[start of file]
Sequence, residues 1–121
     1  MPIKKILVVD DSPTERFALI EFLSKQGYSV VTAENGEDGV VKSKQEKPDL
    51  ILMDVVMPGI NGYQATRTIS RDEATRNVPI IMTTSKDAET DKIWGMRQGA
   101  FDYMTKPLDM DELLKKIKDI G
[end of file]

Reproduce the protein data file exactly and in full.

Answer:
Sequence, residues 1–121
     1  MPIKKILVVD DSPTERFALI EFLSKQGYSV VTAENGEDGV VKSKQEKPDL
    51  ILMDVVMPGI NGYQATRTIS RDEATRNVPI IMTTSKDAET DKIWGMRQGA
   101  FDYMTKPLDM DELLKKIKDI G